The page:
‘Schervenstad’ by Hanan Faour: Torn Between Peanut Butter and Molokhia
In Schervenstad (Shard City) Hanan Faour has written a moving story about what it is like to discover the land of her father and brother.
It is unclear exactly what the young Dutch-Lebanese Nadine had expected from her arrival at the airport in Beirut, but things are less cordial than she hoped. She can only hope the customs officer had muttered something along the lines of “welcome home.” Her knowledge of Arabic is insufficient to sustain a conversation.
And the reunion after more than ten years with her twin brother Isaac is also very awkward. Fortunately, he plays a cassette with an old song by Marco Borsato and Ali B in his dilapidated Mercedes, otherwise, she might as well have driven into town with a complete stranger. Her brother is not a stranger, Nadine thinks, but he has become unrecognisable.
Hanan Faour © Anneke Hymmen
Twins Isaac and Nadine were separated at fourteen when the marriage of their Lebanese father and Dutch mother floundered. Their father, who had fled the Lebanese civil war, now thought it was time to return to his homeland. And Isaac went with him. Nadine stays behind in Limburg with her somewhat floaty mother, “I was not important enough to stay for.”
Nadine survives by fantasizing about other lives and other worlds. “In one of the worlds, my mother was the one who left, for India. That scenario arose when she enrolled in a yoga course at the local community centre.” Every now and then, there is a touch of humour in the book.
Nadine decides to go back to Beirut after more than ten years, after the disturbing reports from Isaac about the powerful explosion in the port of Beirut in the summer of 2020. The urge to see her brother, to go back to the country where she spent her summer holidays as a child is stronger than her fear of what she will find there.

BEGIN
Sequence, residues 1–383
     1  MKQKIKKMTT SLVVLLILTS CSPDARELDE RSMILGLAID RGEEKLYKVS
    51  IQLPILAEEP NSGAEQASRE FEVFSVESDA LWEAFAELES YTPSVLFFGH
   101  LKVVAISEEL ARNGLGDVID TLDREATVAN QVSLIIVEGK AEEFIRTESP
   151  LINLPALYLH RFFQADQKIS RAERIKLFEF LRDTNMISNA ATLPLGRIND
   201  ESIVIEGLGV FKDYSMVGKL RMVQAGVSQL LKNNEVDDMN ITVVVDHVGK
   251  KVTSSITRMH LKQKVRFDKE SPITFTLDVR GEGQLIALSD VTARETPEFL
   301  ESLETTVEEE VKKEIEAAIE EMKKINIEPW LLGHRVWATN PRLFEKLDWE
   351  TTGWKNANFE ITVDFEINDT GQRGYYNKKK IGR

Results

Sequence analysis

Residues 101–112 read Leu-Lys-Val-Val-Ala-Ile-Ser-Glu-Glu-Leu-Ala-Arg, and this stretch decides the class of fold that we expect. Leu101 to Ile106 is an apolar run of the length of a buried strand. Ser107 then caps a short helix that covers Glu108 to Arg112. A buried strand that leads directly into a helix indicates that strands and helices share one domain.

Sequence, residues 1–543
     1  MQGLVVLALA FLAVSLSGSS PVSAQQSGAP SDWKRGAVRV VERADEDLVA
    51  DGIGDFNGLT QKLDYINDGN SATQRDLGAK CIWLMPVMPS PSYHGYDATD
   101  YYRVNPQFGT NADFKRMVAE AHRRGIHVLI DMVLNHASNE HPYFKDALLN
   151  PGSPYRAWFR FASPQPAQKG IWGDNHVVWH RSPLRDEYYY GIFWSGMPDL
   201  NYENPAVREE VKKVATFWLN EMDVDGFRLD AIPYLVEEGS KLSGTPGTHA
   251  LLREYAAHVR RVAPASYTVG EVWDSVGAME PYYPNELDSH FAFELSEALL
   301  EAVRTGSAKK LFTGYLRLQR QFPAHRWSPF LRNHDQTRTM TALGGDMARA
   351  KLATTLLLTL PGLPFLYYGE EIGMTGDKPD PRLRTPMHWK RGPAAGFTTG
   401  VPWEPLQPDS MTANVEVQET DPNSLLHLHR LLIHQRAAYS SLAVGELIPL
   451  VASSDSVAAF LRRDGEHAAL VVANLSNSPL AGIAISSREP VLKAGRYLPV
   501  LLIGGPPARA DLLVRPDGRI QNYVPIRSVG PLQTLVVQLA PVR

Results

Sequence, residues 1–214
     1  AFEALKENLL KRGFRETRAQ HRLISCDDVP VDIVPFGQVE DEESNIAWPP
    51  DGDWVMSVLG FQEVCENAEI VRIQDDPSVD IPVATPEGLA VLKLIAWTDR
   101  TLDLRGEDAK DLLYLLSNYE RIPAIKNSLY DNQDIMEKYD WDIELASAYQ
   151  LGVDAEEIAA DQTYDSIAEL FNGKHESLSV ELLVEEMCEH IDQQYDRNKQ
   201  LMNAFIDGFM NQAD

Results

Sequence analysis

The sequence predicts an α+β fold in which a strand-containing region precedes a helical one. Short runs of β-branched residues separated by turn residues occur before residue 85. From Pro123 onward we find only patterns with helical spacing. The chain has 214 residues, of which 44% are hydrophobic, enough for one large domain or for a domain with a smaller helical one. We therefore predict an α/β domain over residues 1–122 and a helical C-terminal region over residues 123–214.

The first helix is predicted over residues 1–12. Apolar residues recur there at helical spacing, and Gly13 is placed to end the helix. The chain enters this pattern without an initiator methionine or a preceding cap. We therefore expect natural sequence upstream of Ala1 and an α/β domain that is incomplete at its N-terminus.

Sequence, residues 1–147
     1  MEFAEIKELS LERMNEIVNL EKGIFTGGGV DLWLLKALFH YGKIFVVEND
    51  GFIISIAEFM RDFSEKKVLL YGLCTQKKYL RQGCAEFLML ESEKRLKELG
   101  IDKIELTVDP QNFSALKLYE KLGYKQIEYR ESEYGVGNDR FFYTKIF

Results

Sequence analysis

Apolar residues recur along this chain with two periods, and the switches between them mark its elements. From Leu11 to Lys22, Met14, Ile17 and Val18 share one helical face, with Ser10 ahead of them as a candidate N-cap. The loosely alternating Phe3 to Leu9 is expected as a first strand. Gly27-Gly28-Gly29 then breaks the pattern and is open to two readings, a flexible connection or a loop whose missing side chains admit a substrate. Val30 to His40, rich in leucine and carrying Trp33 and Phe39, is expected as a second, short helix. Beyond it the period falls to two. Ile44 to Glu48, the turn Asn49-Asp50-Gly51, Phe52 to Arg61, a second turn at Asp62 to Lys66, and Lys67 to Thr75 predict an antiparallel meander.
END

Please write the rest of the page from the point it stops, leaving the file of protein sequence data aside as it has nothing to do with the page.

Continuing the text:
A grain silo in Beirut port, before and after the explosion in August 2020. The disaster killed 218 people © Wikipedia
But much more than the material damage in a city full of shards and the smell of petrol, it is the people who are scarred. Nadine slowly gets to know her brother in a different way, as a young man who wants to fight for the future of Lebanon. Isaac takes Nadine to anti-government demonstrations, but she doesn’t even understand the slogan written on her cheeks, she doesn’t feel at home in the protesting crowd. She would rather buy jewellery in a shop that reminds her of her childhood.
Without getting too psychological or philosophical, Faour describes how Nadine slowly but surely settles in, how she gains some understanding for her brother, how she slowly gets to know him again. Although she still agrees with his girlfriend Louise, who calls him “the biggest idiot she has ever met”, because he has the option to leave, but does not want to. But for Isaac, it is like back then in the Netherlands: wanting to leave and not being able to stay are two different things.
Together with Isaac, Nadine gets to know her family and friends again. Contact with their father is difficult, as she ultimately still feels abandoned. But her grandparents are endearing, and cooking together brings warmth. She helps with the preparation of the molokhia leaves. Requirements: two pans, a colander, a mortar, a family.
'Schervenstad' is also a story of discovery – of a country, a culture, a mindset
And yet, those parties, which often attract half a village, are uncomfortable for Nadine too. She doesn’t understand the language, and sees people looking at Isaac and her strangely. “As if he is the blueprint, and I am the experimental version that is not quite right.”